The previous Portals described how sex slavery was widely practiced in 19th century Chinatown. Starting in 1852, secretive associations called tongs began kidnapping or buying young girls and women from China and forcing them to work in Chinatown brothels. This abhorrent trade not only condemned most of the enslaved women to a miserable life and early death, but it was the leading factor behind the tong wars that racked Chinatown for decades.
If one sign that a city has transcended racism is its willingness to criticize its citizens regardless of their race or ethnicity, San Francisco’s treatment of its late mayor, Ed Lee, ought to place it in the colorblind hall of fame. During his two terms in office — the second cut tragically short by his sudden death early Tuesday morning — Lee was whacked as thoroughly and regularly as a dusty old carpet, for reasons that had nothing to do with the fact that he was Chinese American.
In 1875, San Francisco went wild over a painting of a dead Arthurian maiden. Thousands flocked to see the artwork during its brief exhibition. When it was stolen, city residents reacted as if a beloved friend had been abducted. When it was recovered, the whole town rejoiced. A number of factors came together to produce the furor over “Elaine.” First, by the 1870s, San Francisco was ripe for high culture. The once-brawling frontier town had grown more civilized, in large part because it was less male.
Muck Rack makes it simple to find people, tweets, or articles that mention any name, keyword, company, hashtag etc. We've compiled this guide to help you make the most of your search.
Selecting a term
Start searching tweets, articles from media outlets, articles mentioned in tweets, journalists'
names, titles and bios with some suggested searches:
Companies or Topics (e.g. iPhone, Microsoft)
Phrases (e.g. "cloud computing") — use quotes to keep the terms together
Twitter handles (e.g. @username) — returns those who have mentioned or replied to
Names (e.g. "David Pogue")
Hashtags (e.g. #sxsw, #london2012)
Bio details (e.g. vegan, Olympics, father)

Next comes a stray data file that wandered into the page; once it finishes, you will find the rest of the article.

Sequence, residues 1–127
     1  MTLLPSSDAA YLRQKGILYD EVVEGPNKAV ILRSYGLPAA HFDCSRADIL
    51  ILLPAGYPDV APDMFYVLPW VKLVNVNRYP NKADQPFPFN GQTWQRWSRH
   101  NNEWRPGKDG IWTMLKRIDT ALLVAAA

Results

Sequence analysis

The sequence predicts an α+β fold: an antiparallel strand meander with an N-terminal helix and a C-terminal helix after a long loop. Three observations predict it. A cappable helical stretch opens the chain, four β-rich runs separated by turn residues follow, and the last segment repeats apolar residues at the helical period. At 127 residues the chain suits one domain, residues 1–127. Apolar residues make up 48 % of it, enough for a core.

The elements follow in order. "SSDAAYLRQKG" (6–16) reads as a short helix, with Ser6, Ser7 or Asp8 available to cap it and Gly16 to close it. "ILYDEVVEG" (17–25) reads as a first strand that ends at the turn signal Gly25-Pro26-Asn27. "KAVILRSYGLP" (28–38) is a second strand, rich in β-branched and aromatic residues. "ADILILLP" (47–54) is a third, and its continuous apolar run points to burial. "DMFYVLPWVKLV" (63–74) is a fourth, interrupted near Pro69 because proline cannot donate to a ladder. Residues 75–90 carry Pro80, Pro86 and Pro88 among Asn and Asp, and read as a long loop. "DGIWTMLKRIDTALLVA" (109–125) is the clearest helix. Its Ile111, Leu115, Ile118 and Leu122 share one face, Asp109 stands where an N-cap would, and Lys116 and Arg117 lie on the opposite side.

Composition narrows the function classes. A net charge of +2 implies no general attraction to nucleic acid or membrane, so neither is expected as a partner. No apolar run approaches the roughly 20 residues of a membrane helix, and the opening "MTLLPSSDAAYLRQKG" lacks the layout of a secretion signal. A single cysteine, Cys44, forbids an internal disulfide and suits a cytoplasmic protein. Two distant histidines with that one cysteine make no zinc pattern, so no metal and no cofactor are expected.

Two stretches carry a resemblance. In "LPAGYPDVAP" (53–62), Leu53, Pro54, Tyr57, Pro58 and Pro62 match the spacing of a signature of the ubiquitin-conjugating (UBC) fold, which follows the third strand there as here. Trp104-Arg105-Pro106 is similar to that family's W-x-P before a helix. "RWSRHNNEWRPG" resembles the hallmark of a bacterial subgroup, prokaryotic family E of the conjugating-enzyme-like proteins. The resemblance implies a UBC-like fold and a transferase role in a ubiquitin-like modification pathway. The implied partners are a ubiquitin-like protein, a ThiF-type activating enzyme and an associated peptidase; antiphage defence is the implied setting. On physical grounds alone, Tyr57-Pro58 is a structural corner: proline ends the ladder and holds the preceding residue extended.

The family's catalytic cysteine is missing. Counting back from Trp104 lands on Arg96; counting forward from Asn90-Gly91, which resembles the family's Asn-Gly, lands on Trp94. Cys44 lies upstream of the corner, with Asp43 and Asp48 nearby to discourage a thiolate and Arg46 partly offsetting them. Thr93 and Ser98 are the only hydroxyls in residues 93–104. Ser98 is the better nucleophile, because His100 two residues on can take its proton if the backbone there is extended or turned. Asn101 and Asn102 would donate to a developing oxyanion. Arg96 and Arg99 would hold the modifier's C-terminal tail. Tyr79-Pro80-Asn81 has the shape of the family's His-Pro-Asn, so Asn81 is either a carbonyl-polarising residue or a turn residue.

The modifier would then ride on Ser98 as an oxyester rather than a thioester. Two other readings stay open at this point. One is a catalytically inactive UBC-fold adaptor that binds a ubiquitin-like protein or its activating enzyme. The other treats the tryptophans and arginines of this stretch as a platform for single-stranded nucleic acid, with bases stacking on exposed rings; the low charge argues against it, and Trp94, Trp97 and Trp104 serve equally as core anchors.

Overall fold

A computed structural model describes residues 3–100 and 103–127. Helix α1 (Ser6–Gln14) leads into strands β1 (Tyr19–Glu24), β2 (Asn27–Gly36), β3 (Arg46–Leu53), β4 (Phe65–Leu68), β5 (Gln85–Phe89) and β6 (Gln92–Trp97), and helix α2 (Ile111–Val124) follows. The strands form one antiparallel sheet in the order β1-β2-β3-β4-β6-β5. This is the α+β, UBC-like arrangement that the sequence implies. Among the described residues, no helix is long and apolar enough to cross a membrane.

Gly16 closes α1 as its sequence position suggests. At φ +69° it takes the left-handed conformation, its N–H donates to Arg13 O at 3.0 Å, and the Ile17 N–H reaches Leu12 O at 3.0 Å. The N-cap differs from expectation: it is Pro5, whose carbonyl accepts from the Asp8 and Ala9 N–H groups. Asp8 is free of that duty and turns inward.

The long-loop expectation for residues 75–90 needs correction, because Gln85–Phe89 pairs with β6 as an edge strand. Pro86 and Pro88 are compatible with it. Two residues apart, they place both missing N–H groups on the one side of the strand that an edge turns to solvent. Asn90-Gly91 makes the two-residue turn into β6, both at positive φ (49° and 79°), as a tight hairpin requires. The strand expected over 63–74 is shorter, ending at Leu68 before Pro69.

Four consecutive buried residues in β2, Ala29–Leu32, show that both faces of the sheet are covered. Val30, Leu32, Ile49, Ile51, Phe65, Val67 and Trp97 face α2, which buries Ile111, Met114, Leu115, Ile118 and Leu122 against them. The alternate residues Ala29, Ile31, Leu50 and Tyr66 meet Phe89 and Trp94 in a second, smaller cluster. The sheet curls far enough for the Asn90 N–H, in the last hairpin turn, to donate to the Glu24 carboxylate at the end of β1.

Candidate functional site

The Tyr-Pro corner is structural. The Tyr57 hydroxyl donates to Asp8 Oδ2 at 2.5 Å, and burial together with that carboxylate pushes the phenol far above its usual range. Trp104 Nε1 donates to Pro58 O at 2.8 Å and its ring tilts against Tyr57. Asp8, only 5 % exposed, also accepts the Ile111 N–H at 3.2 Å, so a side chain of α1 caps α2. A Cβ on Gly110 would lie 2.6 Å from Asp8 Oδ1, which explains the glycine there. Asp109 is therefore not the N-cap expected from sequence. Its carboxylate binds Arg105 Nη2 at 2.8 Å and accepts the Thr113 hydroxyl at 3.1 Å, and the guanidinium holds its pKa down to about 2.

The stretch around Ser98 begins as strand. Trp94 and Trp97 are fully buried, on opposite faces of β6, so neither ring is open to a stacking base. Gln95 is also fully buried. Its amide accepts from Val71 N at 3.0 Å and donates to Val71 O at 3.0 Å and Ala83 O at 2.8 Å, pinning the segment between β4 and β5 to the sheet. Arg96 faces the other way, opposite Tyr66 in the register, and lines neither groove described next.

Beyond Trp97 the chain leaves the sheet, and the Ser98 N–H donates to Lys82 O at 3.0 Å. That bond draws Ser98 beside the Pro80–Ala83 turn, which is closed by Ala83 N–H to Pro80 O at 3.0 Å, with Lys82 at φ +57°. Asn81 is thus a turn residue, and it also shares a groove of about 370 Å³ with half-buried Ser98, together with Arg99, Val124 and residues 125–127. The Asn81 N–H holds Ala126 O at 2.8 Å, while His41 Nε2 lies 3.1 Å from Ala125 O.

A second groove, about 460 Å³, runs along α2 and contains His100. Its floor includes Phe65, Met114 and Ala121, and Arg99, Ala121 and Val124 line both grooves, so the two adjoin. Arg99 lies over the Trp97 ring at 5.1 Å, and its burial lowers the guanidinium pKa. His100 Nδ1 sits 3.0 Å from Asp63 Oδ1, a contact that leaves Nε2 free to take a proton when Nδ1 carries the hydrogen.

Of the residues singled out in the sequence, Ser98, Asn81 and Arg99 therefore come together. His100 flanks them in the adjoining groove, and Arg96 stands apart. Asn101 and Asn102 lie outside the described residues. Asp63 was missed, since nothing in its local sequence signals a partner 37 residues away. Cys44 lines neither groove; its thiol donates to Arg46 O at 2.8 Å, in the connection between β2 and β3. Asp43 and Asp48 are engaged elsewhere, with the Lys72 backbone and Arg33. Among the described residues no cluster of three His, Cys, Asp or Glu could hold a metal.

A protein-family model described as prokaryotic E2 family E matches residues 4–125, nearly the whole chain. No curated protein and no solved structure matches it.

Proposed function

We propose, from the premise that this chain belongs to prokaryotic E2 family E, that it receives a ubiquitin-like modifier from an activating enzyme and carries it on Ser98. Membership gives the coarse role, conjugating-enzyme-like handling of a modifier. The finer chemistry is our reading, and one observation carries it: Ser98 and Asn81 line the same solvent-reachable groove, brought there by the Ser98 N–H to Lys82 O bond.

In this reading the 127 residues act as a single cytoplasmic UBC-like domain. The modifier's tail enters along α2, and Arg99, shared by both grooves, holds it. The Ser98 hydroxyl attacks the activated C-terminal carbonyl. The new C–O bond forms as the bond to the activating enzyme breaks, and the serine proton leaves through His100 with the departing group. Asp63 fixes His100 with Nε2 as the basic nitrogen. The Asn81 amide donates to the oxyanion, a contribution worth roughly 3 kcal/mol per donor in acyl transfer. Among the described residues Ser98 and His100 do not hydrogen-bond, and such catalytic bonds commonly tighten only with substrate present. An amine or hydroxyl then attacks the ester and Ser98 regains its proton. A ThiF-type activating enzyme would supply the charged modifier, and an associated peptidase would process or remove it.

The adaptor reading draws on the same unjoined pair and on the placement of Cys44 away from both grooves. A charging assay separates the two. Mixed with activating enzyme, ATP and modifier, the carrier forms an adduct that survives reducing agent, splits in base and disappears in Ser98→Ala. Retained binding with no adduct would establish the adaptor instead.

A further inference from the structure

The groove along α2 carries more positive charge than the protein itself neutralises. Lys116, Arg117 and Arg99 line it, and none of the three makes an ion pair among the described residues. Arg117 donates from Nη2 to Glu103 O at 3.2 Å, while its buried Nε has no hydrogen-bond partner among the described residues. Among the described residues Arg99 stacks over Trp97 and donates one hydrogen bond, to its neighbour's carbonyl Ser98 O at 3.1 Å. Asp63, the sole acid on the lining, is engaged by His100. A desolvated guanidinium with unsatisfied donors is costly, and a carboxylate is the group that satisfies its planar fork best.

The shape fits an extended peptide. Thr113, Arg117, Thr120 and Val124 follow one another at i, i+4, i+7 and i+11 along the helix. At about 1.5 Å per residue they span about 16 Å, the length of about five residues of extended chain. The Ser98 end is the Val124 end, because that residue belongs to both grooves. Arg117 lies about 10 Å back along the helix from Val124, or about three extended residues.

Muck Rack's Advanced Search allows for many boolean operators.
Find results that mention multiple specified terms, use AND or
+. For example, ensure each result contains both Elon Musk and Mark Zuckerberg by
searching Musk AND Zuckerberg or Musk + Zuckerberg.
Use the operators OR or , to broaden your search when you'd like either of
multiple terms to appear in results. (This is the default behavior of our search when no operators
are used). For example, results will contain either cake or cookie by searching cake OR cookie or cake,cookie
Use NOT or - to subtract results from your search. For
example, searching Disney will yield results about the Walt Disney Company as well as Walt Disney
World Resort. To exclude mentions of Disney World, search for Disney -World or Disney
When using one of these operators with a phrase, enclose it in quotation marks. For example, you can
find results about smartphones excluding Apple's iPhone 4S by searching smartphone -"iPhone
Exact case matching or punctuation
If you're searching for a brand name or keyword that relies on specific punctuation marks or capitalization, you can
find results that match your exact query by adding matchcase: before the keyword you're searching for, like matchcase:E*TRADE .
Use parentheses to separate multiple
boolean phrases. For example, to find journalists talking about having fun in Disney World or
Disneyland, search for ("disney world" OR disneyland) AND fun.
An asterisk can be used to search for any variation of a root word truncated by the asterisk. For example, searching for admin* will return results for administrator, administration, administer, administered, etc.
A near operator is an AND operator where you can control the distance between the words. You can vary the distance the near operation uses by adding a forward slash and number (between 0-99) such as strawberries NEAR/10 "whipped cream", which means the strawberries must exist within 10 words of "whipped cream".